This year the PyData London Conference will be doing double blind reviews, where reviewers will select the talks solely based on the quality of the proposals submitted. Please DO NOT include any identifying information in your proposal. That is, do not include links to previous talks, slides, repo, etc. Again, talk selection decisions will be made solely on the proposal itself and nothing else- so be sure to give some thought into writing your proposal! Here are some general guidelines and tips for you.
Please note that your proposal will not be reviewed by us until after the Call For Proposals (CFP) closing date, and that you can change your proposal as much as you want prior to the closing date. If there is anything unclear in your proposal, we will be reaching out with questions the two weeks after the CFP closes. Be sure to check your email late Feb/early March to respond to those questions!
A talk proposal is a short description of a talk that is aiming to convince someone to part with 30 minutes of their time, in order to learn about something. A good proposal should disclose:
- The topic (the WHAT) and WHY it is interesting
- The audience to WHOM the talk is addressed
- The TYPE of talk (lots of maths, hands-on, etc) and possibly the tone (light-hearted, informative etc)
- The TAKEAWAY, a.k.a. what will I learn
There are two parts to a proposal:
- Brief Summary - This informs attendees what the talk is about. Discloses the topic, domain and overall purpose. This is at most a few lines long, and will be printed in the conference programme.
- Description - This is a self-contained statement that summarises the aspects of the talk. It should be structured and present the objective of the talk, its outline, central thesis and key takeaways. After reading the description, the audience should have an idea of the overall presentation and know what to expect. The description should also make clear what background knowledge is expected from the attendees. Both this and the summary will be included in the talk details online.
While there is no strict template for this, you should make sure that the audience can understand why your talk is relevant for them.
These are 90 minutes hands-on sessions where you have the opportunity to lead a classroom so attendees can learn about a new skill/library/technology in a self-contained way, and have said materials available to students before-hand so they can follow suit. Guidelines for the tutorial proposal are the same as above, but the description should make clear what are the requirements for the class and how the materials are going to be distributed (e.g. github repo, links, etc).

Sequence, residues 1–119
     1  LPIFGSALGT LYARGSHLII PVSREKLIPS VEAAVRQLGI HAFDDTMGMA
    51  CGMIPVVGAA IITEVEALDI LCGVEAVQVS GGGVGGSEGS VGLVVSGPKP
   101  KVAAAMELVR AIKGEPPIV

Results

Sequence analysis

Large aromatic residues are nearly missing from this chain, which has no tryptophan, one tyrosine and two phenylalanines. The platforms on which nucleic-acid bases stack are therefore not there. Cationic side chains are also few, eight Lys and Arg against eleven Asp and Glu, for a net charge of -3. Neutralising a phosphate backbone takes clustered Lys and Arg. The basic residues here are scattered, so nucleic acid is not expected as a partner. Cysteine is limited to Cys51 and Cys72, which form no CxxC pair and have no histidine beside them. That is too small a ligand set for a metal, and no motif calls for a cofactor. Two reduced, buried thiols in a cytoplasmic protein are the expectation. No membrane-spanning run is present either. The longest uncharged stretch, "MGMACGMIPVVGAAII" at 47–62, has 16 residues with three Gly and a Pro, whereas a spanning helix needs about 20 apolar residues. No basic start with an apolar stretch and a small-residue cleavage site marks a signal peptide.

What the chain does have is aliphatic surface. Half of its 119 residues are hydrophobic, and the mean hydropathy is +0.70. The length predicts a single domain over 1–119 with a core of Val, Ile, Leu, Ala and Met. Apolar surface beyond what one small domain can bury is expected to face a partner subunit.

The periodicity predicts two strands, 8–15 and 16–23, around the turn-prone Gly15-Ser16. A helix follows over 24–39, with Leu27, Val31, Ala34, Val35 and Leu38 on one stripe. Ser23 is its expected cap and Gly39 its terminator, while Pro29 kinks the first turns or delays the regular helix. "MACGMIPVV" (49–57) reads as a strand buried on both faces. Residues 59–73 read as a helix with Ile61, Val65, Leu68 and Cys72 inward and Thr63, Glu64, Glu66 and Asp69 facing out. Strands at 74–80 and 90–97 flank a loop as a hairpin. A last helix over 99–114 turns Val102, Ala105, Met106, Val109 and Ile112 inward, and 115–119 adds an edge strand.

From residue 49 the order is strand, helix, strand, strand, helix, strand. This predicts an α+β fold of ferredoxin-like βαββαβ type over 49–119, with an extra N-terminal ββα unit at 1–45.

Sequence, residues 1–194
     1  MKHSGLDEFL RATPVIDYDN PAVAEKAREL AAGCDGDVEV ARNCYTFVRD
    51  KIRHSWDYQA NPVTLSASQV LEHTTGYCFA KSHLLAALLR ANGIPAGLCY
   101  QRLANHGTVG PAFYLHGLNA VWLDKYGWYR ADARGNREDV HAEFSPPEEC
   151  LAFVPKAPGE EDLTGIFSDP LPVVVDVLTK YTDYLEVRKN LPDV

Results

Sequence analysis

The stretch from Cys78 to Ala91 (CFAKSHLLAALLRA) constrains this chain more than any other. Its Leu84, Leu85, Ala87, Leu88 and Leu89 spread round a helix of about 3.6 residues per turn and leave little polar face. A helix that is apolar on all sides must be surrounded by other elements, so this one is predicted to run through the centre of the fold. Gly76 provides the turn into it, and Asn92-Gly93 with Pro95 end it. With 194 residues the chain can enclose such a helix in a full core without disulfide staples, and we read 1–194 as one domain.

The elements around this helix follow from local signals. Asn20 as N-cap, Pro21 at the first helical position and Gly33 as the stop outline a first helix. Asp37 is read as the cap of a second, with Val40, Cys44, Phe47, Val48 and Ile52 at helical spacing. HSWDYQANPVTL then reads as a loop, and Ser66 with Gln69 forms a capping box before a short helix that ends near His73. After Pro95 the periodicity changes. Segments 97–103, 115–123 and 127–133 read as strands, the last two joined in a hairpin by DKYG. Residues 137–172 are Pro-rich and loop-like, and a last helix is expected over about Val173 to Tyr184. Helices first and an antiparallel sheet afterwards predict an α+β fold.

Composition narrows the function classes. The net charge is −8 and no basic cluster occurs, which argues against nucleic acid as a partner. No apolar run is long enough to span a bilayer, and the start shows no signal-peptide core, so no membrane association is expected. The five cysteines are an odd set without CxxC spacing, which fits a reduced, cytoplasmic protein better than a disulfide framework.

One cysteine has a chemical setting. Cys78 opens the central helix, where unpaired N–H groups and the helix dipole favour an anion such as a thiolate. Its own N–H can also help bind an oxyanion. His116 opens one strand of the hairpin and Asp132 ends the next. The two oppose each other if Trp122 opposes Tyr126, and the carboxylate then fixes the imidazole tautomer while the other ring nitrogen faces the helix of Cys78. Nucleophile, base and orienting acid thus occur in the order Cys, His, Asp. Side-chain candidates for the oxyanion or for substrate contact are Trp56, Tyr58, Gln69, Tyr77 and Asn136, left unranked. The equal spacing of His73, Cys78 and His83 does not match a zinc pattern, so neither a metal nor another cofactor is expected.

Take a look at some of the proposals from last year’s schedule.
- Who’s the target audience?
Think about your target audience in terms of job role (data scientist, engineer, researcher, etc.) and experience. Being clear about who you are speaking to (and the background knowledge you can expect them to have) is helpful both to you as you prepare your proposal or talk, as well as to the audience considering whether your talk is a good fit for them to attend.
- Learning objectives
With your target audience in mind, clearly state what they are going to learn. This is what helps people understand if your talk is interesting for them.
We don’t require a rigid structure for your talk, but thinking critically about it will help you shape your proposal. In particular, make sure that there’s enough content to make the proposal interesting, but not too much so that your talk would feel rushed or cluttered. It’s not a bad idea to estimate how long each section of your talk will take.
- Clear title
A catchy title can be useful, but don’t overdo it. People should be able to have a rough understanding of what’s going on, just looking at the title. Your proposal and your talk should also be in line with your title.
- Get feedback
Ask friends and colleagues to review your description; bonus points if they are your target audience. Take time to tweak the final description if needed. Did you know that we also offer a mentorship programme for first-time speakers?
If you would like a mentor to help you improve your proposal, add a note to your proposal in the “Additional Notes” section. Tell us what mentors you would be most comfortable working with, eg: gender/ethnicity/academic background/time of day/mode of interaction etc, and we will try to match you with a mentor! Also note that you would have to submit your initial proposal significantly earlier than the CFP closing date to receive mentorship and then make improvements to your proposal.
Here are some common pitfalls that could lead to the proposal being rejected:
- Overly long proposal
Keep it simple and clear. Good proposals typically can provide all the important information within 200 words. This is not a strict limit, simply a suggestion to stay focused.
- Future work
While talking about future work is interesting and could be mentioned in your talk, the core content of the talk should already be shaped, and you should be able to describe it in your proposal. Don’t fully rely on future data collection or future prototyping, because things often don’t go as expected.
- Sales pitches
We are a community of developers and users of open-source scientific computing tools. You can reference your closed-source product or platform, but the audience will find the talk more interesting if they can try your techniques with the PyData stack. Your problem definition, proposed techniques and business domain are also interesting, but sales pitches are typically rejected.
- Repeated Talk
We have a strong preference for new talks, and new speakers, and as such, if your talk is already available online it is unlikely to be accepted for the conference.